As a parent you may feel pressurised into creating engaging and fun activities for your children to do all day long. What if this is not the best for them though? What could possibly be better than an action-packed schedule of dancing, arts, music and sports? An action-packed life of following your own passions and interests, as and when you choose. This blog post explains why.
Key Elements of Play
Defining play is vital to offering the best play environment for your children. What is play? And what is work? Can there be a mixture of play and work?
Play is defined in different ways dependent on the author’s experiences and views. However, the main theme that all definitions of play have in common is that it is fun as well as developmentally beneficial. Really, as parents, we should not concern ourselves too much with what else comprises a definition of play because it is for our children to find their own source of fun. We cannot dictate what someone else should find fun, as this puts a pressure on them to ‘appear to enjoy something’. In turn, this pressure can make it less fun and therefore less beneficial. It is more like work, trying to do something to achieve an outcome.
The most important requirements for our children to play are that they are left to their own choices of activity on a regular basis. You can ignite imagination in them, with offering ideas of activities you find fun, but you will be surprised how much fun children create using a cardboard box and no input from you.
Use of Language When Witnessing Playtime
To ensure that your child’s platime continues to bring the most benefit for their development and enjoyment, the use of words are vital (for more information see my blog post about the lanugage we use with our children). Words should be aimed to acknowledge your child’s feelings on their play activities, rather than to reward them with praise. Why? Because telling someone they have done great, is short for ‘you have done a great job’, which in turn shows they are pleasing you with their work. It makes the activity work based rather than solely for their enjoyment. Instead, acknowledging ‘you look like you’re having a great time’, for example, focuses on their feelings toward the activity and takes out any expectation you have for it.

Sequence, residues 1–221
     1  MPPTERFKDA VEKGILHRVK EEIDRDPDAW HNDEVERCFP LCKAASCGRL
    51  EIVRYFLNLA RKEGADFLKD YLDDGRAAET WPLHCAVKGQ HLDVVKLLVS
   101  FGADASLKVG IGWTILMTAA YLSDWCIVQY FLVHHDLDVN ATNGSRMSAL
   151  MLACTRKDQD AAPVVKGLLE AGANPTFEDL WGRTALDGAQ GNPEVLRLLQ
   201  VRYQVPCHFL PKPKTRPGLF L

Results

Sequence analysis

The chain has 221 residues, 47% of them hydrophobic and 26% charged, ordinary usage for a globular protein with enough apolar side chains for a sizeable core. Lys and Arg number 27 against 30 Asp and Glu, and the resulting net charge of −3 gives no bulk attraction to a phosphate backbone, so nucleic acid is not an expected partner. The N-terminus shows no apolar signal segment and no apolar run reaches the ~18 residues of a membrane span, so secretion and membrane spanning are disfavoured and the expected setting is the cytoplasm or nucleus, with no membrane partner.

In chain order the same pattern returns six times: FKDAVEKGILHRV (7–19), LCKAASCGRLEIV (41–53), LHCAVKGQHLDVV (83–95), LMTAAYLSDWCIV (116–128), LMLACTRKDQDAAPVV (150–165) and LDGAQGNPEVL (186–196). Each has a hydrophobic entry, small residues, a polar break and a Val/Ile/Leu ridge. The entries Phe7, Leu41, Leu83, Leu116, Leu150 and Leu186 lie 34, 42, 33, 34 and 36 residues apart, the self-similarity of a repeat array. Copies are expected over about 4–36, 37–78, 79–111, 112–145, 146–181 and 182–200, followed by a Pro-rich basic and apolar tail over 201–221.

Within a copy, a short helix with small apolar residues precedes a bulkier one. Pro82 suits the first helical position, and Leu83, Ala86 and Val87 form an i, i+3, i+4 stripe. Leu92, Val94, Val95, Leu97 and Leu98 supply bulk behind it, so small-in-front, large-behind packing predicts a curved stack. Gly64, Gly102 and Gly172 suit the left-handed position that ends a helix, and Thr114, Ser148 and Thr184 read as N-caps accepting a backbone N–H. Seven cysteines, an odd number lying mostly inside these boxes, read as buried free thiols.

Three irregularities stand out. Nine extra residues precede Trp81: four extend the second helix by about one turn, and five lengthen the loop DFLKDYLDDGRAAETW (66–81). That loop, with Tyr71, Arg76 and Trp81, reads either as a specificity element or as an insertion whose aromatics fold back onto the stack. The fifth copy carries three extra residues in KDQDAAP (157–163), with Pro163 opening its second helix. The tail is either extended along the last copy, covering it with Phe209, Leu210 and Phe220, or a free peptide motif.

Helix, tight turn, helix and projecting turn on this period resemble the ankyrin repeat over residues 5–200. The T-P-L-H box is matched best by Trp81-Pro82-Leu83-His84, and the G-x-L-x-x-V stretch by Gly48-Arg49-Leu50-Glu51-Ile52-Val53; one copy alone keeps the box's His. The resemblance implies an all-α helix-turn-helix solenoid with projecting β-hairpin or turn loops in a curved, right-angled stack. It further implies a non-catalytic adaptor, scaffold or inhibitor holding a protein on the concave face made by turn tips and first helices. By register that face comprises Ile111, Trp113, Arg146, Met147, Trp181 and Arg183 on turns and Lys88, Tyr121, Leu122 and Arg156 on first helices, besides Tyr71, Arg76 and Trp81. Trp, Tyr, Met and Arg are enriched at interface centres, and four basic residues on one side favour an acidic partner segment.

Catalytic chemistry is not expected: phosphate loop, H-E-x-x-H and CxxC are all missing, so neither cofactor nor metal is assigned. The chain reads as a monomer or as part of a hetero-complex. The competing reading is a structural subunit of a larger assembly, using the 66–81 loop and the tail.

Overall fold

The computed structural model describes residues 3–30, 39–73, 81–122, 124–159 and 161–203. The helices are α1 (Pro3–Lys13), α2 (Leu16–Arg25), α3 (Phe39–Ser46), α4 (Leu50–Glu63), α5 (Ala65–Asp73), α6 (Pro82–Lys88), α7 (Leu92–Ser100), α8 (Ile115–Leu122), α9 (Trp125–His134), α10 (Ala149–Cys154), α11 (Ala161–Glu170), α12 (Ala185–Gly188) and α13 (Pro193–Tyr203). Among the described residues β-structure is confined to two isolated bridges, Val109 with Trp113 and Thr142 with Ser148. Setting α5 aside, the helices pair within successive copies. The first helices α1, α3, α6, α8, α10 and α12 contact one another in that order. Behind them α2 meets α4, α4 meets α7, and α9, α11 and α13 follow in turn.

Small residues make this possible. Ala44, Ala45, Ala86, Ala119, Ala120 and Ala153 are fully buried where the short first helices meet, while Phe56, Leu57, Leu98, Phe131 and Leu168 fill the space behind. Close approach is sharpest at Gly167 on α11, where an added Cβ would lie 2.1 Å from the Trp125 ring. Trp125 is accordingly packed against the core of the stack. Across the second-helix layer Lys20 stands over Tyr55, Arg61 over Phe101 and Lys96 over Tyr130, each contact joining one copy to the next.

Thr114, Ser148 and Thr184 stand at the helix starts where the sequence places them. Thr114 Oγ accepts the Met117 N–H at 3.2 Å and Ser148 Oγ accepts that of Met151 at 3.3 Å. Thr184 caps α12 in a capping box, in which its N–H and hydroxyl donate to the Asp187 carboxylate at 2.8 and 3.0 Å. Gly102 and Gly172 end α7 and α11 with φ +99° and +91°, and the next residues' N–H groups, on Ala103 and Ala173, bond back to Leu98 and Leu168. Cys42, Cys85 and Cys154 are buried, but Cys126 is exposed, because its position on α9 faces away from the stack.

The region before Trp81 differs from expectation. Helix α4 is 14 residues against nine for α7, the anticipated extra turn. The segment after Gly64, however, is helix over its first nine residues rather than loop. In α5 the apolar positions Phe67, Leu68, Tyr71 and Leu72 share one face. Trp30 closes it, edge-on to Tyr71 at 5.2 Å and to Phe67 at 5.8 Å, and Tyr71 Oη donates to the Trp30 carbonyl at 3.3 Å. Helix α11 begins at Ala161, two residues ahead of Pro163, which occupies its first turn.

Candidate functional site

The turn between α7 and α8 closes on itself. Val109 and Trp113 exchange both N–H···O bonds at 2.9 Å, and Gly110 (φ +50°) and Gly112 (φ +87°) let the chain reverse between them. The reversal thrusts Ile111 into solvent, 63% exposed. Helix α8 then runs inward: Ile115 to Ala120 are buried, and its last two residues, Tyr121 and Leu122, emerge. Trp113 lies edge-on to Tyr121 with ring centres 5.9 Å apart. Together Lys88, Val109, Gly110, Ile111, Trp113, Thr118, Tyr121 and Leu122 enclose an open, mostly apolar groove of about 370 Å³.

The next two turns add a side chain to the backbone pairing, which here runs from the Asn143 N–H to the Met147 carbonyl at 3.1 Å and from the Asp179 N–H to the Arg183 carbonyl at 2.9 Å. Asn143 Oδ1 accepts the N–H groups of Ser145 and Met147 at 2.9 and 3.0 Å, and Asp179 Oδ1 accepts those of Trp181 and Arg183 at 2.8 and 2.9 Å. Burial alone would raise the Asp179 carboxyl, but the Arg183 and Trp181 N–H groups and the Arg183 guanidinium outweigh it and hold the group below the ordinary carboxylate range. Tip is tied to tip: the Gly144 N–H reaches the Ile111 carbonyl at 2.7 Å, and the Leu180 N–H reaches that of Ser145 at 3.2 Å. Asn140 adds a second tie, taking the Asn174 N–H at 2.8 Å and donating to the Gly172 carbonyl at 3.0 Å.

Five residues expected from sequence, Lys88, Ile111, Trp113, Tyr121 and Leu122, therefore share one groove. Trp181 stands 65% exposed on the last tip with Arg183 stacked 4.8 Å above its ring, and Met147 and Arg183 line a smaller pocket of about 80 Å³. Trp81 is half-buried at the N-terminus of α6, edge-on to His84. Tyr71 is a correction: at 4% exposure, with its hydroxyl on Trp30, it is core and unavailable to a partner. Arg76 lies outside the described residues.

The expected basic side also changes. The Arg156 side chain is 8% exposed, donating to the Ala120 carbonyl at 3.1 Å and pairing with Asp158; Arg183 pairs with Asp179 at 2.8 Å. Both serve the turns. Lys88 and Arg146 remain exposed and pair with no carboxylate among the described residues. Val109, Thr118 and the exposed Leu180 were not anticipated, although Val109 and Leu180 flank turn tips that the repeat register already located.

The one I find really hard to work out what best to say is when playing some sort of ball game. When catching the ball, it is natural to say “yay!” when your child catches it. This makes it an achievement based activity which can take out the child’s enjoyment when they don’t catch the ball. You can try and just say the same sort of thing each time, regardless of whether they catch or not. Such as “again!”, “quick! Pass it to me!”.
What Can Block Play as a Healthy Activity?
Anything that takes over the freedom that the daytime offers children. This can include activities such as watching TV or being taken to lots of parental-chosen activities such as music lessons and dancing. Even if your child chooses these classes, they are not independent free play for your child. Your child will have to adhere to instructions from the teacher, who decides what is fun. Your child will not usually have the freedom to run around in circles screaming if the other kids in the class are lying down doing pointed toes for a ballet lesson.